Regenerative Agriculture

Regenerative Agriculture

Regenerative Agriculture

A short definition

Regenerative agriculture is a set of farming practices that work with nature, rather than against it. Core practices includes using fewer chemicals, minimizing tillage, accelerating crop rotation, increasing crop diversity, implementing landscape elements such as flower field margins, keeping the soil covered all year long by growing cover crops in-between cash crops, and integrating grazing animals. These practices, among other benefits, rebuild soil organic matter and restore biodiversity - resulting in both carbon drawdown and improving the water cycle.

Benefits practices

These practices have a direct positive impact on the water retention and carbon sequestration capacity of soil, biodiversity levels and food's nutrient density... We have observed this on our own farm when implementing biodiversity lanes and flower field edges: more bees, more birds, more butterflies, which means healthier soil!.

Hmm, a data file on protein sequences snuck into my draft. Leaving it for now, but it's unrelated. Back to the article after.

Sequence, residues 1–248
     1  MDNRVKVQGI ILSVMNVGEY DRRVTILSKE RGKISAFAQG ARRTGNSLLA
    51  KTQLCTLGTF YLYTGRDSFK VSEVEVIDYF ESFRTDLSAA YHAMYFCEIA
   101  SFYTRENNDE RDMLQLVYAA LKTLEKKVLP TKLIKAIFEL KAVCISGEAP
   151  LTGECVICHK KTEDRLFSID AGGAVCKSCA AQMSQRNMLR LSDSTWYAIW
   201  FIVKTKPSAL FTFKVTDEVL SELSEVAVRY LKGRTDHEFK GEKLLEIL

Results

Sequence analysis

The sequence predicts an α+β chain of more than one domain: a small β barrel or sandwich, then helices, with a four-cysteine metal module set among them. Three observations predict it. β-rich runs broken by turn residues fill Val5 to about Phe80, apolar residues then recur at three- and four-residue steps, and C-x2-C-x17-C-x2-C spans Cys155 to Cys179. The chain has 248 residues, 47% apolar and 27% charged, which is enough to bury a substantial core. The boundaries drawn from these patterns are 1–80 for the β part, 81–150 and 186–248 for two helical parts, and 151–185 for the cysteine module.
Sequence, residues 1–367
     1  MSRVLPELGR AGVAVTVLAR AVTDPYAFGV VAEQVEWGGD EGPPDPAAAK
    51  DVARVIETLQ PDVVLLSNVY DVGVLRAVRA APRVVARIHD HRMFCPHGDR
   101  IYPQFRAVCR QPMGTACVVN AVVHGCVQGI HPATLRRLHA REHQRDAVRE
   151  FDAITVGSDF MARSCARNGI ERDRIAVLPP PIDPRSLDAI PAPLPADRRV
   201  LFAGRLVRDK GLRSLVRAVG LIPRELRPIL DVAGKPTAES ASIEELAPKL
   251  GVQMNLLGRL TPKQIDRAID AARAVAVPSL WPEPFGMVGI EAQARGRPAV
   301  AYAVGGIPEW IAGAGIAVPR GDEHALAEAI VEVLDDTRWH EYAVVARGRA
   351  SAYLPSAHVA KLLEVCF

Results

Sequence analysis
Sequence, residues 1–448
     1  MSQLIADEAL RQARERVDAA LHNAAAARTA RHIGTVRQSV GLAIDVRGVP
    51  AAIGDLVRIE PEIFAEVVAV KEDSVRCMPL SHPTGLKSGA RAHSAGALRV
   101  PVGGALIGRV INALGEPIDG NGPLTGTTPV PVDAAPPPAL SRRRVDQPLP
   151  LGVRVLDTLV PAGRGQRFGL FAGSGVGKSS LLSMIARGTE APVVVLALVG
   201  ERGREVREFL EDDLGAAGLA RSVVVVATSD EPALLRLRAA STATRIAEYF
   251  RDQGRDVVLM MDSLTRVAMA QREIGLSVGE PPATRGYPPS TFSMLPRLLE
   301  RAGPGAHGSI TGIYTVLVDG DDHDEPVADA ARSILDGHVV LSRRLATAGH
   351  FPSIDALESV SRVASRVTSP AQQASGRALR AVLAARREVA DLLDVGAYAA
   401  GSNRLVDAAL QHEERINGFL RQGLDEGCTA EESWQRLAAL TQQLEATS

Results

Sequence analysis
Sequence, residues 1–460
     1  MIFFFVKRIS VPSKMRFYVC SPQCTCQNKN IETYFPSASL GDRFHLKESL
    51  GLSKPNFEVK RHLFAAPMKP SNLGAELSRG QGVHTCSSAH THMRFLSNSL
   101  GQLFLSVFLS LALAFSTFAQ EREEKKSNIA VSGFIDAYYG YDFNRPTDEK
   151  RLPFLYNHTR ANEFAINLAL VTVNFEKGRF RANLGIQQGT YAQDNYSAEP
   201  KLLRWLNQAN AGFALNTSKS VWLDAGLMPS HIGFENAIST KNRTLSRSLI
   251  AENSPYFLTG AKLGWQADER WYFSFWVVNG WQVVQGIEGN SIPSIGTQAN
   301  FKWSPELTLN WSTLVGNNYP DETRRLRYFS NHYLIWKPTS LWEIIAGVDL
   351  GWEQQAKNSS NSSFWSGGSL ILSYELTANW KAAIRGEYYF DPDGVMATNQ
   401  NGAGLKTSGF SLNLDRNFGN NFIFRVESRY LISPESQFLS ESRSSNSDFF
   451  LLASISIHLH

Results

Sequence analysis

Regenerative practices harness what nature offers and have been proven not only to increase soil health but also farmers' yields and profit.

The effects of Regenerative Agriculture:

Benefits Increases and Decreases


  • Crop resilience
  • Yields
  • Quality & Nutrition
  • Profitability (long term)
  • Intrinsic land value
  • Natural capital
  • Climate resilience


  • Costs
  • Artificial inputs
  • Need to irrigate
  • Harvest volatility
  • Topsoil loss
  • Soil degradation
  • Run off & drought

Scientific and Applied Research

Regenerative agriculture draws from decades of scientific and applied research by the global communities of organic farming, agroecology, holistic management, and agroforestry.

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